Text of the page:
The American Psychological Association has a new PR firm, apparently. Rather than change the policies that provided cover for psychologists aiding torture, they have changed the term they use on their web site. Their policy of keeping psychologists involved in abusive interrogations is now filed under Detainee Welfare! See their:
The Timeline conveniently leaves out some of the most embarrassing moments in APA’s history [pdf] of apparent collusion with the military/intelligence establishment in support of our government’s torture program. For example, they leave out the February 2006 Presidential Column: Speaking Against Torture, with its never-to-be-forgotten lines:
A number of opportunistic commentators masquerading as scholars have continued to report on alleged abuses by mental health professionals. However, when solicited in person to provide APA with names and circumstances in support of such claims, no data have been forthcoming from these same critics and no APA members have been linked to unprofessional behaviors. The traditional journalistic dictum of reporting who, what, where and when seems notably absent.
Also left out is the 2007 statement by the Association’s Division of Military Psychology attacking the proposal for a Moratorium on psychologists’ participation in interrogations at Guantanamo and the CIA’s black sites, based as they claim on
the absence of any evidence substantiating instances of abuse or mistreatment of detainees by psychologists at these facilities.
This was years after it became clear that psychologists were helping design the abusive techniques used in the detention facilities. Despite the extensive public evidence, the Military Psychology Division bravely claimed:
Nor would detainees likely be well served by a moratorium. The ethical and clinical training of psychologists make them more likely to be protective of the detainees’ interests than those who have not had such training.
Also left out of the APA’s Timeline are various omissions and failures to respond, including:
APA leaders failure to respond adequately to reports that psychologists James Mitchell and John Bruce Jessen designed and implemented the CIA’s “enhanced interrogations” torture program;
Their failure to respond to teports that a prominent APA member [who served on its Council of Representatives and is now a Division President] served as Chief Psychologist for the Joint Intelligence Group at Guantanamo when policies mandated a month of isolation for all new detainees to increase their dependence on interrogators;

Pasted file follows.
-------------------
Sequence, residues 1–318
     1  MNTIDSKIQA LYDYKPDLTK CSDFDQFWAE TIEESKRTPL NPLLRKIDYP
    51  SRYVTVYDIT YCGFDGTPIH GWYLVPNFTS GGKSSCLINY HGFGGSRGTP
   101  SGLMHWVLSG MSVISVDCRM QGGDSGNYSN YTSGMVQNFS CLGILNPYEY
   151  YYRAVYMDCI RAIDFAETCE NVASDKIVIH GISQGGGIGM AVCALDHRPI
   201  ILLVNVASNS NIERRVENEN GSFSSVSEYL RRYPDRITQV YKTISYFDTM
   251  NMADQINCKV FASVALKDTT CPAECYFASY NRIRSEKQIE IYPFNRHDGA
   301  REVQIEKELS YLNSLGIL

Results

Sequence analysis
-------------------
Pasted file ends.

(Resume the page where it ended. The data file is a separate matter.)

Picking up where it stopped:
Their failure to respond to the report that a former APA President was a Board member of the CIA torture firm, Mitchell Jessen and Associates; recent reports that this former Association President had long-time CIA connections;
The APA Ethics Director’s claim that one report that a psychologist stopped one interrogation and called a doctor to treat the abused demonstrated that the APA’s “policy of engagement” was effective;
The APA’s failure to discipline any of its members who reportedly participated in torture and abuse, despite repeated claims that they “stand ready to adjudicate” any such claims; reports that one of the APA’s ethics policy-makers on its 2005 ethics task force endorsed SERE-based torture in an NPR interview and went on to reveal APA-military collusion in setting up the task force.
Finally, the APA failed to respond to the Senate Armed Services Committee’s report that another member of this “ethics” task force trained Guantanamo behavioral scientists and interrogators in SERE-based torture techniques.But Timelines created by PR firms are generally designed to disguise the truth, not to reveal it.
Of course, changing the APA’s policies and taking responsibility for their years of protecting the government’s program of torture and abusive interrogations and detentions is harder than changing the web page title. And it would require taking a chance of upsetting the APA leadership’s pals in the military/intelligence establishment. better to hire a new PR firm.
July 7th, 2009